Tuesday, May 22

Viewing of Evidence Begins

On Saturday afternoon the political prisoners were not in good spirits. They still had not been given access to the transcripts and documents necessary for defense, or provided the opportunity to review the videotaped evidence as ordered by the court.

They have since been shown 2 of the videotapes, although there doesn't seem time enough to prepare for the upcoming court date.

Why the delay?

Monday, May 14

"Because I said so”: Ethiopia demands UN action against Eritrea

Hostages, terrorists, student protests…and then?
A resounding silence.

After last month’s dramatic exit, things seem eerily calm now. I had expected a flurry of press releases, public statements--even a possible escalation in protest action--but so far there has been only silence (the latter, I suspect, due largely to the armed federal forces now stationed indefinitely on campus).

The kidnappers were neatly proclaimed to be agents of the Eritrean government by the appropriate ministers, and the ONLF terrorists, we were told, were similarly aligned. The end. (This apparently should suffice, no further information or evidence required…..And certainly no mention made of the 100 Ethiopian soldiers that died unreported along with the 74 civilians that day, or the numerous ONLF members that have since been hunted down and killed by Ethiopian forces).

Though the lack of public accountability honestly comes as no surprise, I find it darkly amusing that the EPRDF also tried this same approach with the UN Security Council during Thursday’s Parliament session, demanding immediate action against the Eritrean government for these “recent terrorist acts in Ethiopia”.

Now, I understand all too well that Meles runs the show in this country and withholds, regulates and fabricates public information at will, but it is astounding to me that the EPRDF seems to actually expect actors on the world stage to play by their rules as well—and meekly accept the exaggerated charges intended to justify Meles’ latest craving for war. Amazing!

Tuesday, May 8

Saying Goodbye to Anthony Mitchell

The world has lost a talented and courageous journalist. Ethiopia has lost a friend.

My deepest condolences to his family. His personal integrity and dedication to
this region will not be forgotten.

Saturday, May 5

Plane Crash in Cameroon

AP correspondent and local hero Anthony Mitchell was believed to be on board the Kenya Airways jet that crashed in southern Cameroon early this morning. So far there is no word on survivors.

Our thoughts are with him and his family at this time. We are hoping for good news.

Wednesday, May 2

Trial Update: May 2, 2007

After a two hour delay in the sweltering courtroom (during which the defendants were thankfully allowed to mingle and converse), the judge announced the somewhat unexpectedly lenient rulings.

1. The defendants’ requests to obtain personal property seized by police was rejected.

2. The request for copies of the verdict (currently being transcribed), testimonies of all witnesses for the prosecution, and relevant audio/video evidence was granted. (The prosecution was ordered to prepare and provide the above within 5 days.)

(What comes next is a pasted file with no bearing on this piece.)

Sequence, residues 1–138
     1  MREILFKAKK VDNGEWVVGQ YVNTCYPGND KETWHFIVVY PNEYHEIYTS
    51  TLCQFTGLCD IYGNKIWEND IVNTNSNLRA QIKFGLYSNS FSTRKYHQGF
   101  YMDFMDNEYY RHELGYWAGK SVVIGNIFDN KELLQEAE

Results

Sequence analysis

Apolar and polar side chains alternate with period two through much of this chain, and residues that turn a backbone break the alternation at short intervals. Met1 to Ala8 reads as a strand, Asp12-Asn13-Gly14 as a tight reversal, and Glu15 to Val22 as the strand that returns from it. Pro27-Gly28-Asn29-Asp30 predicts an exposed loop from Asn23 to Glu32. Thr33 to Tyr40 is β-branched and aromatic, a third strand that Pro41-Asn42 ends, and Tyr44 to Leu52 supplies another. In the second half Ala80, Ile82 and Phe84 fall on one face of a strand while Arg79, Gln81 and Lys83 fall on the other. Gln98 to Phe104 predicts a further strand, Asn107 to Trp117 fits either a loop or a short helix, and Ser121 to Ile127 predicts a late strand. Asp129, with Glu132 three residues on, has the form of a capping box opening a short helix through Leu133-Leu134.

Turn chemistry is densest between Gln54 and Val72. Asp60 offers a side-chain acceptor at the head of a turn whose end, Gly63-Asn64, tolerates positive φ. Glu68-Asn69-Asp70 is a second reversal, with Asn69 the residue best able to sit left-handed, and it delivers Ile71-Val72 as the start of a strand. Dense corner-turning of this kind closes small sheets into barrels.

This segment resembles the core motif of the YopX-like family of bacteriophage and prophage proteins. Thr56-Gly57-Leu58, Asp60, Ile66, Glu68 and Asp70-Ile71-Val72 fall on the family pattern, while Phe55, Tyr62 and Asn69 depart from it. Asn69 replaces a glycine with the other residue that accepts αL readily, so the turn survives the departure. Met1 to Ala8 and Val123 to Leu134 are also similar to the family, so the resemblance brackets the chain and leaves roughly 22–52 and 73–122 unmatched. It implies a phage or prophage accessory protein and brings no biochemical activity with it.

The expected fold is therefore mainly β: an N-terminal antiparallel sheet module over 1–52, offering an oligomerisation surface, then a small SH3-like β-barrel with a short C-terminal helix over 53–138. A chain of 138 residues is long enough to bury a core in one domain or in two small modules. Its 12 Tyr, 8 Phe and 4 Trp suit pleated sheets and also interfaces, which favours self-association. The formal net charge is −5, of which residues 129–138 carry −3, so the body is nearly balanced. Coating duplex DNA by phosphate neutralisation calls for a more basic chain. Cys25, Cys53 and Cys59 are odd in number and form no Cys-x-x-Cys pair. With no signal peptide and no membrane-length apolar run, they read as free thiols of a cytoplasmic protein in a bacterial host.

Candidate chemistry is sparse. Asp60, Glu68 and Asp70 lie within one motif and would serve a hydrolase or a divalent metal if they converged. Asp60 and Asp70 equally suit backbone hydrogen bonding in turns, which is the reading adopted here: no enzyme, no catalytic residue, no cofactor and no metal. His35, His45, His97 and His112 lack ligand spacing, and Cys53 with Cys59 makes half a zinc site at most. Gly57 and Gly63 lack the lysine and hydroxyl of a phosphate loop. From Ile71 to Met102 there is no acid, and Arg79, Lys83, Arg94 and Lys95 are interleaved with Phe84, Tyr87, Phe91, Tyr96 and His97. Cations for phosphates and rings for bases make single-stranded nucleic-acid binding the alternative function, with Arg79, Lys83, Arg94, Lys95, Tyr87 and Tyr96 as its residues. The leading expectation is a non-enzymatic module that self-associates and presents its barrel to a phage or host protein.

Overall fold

The prison administration was ordered to set up the requisite facilities and show two cassettes per day to the defendants (which would be divided into groups for the viewing).

3. The defendants would be granted half a day to meet and discuss their defense, following the review of all cassettes/videos.

4. Daniel and Netsanet were given permission to access their personal computers and print the required documents under supervision.

It was then ordered that all other requests must be submitted through the office of the judge.

Court was adjourned until June 1, 2007

Ethiopia Tops CPJ’s Dishonor Roll

CPJ has issued a special report just in time for tomorrow’s celebrations. It comes as no surprise that Ethiopia tops the list of countries in which press freedom has most greatly deteriorated over the past year.

What does continue to surprise, however, is the government’s opinion that the credibility of such reports can be tarnished by a simple ‘official’ denial of evidence. I mean, certainly they must know that international press organizations are not subject to the same censorship pressures as our persecuted national reporters...

So, I wonder what brilliant rebuttal they will come up with in their press statement today? Will it be the same boring old report condemnation, or perhaps they will even find a way to hold Eritrea accountable for this one too…? Come on, boys—I think it’s time for a little more creativity, don’t you think? After all, they must be paying you for something…

(Oh, and for the record—I don’t take kindly to being silenced. My days of sporadic blogging have come to an end and I will be back in full force. Bring it on!)
Unless it is just a temporary glitch, it seems that the EPRDF has gone one step further in their attempts to silence all of us here. In response to the OpenNet report detailing their regular practice of blocking websites in this country, Zemedkun immediately denied the allegations in an official statement to the press.

If this isn’t unfathomable enough, it seems that the blogger homepage has now been blocked! This is a new low, in my experience here, and a major inconvenience.

I am generally under the impression that nothing can shock me here anymore, but Meles and co have managed to do it again. Their complete lack of accountability and transparency is nothing less than appalling!


Tomorrow is "World Press Freedom Day." How ironic.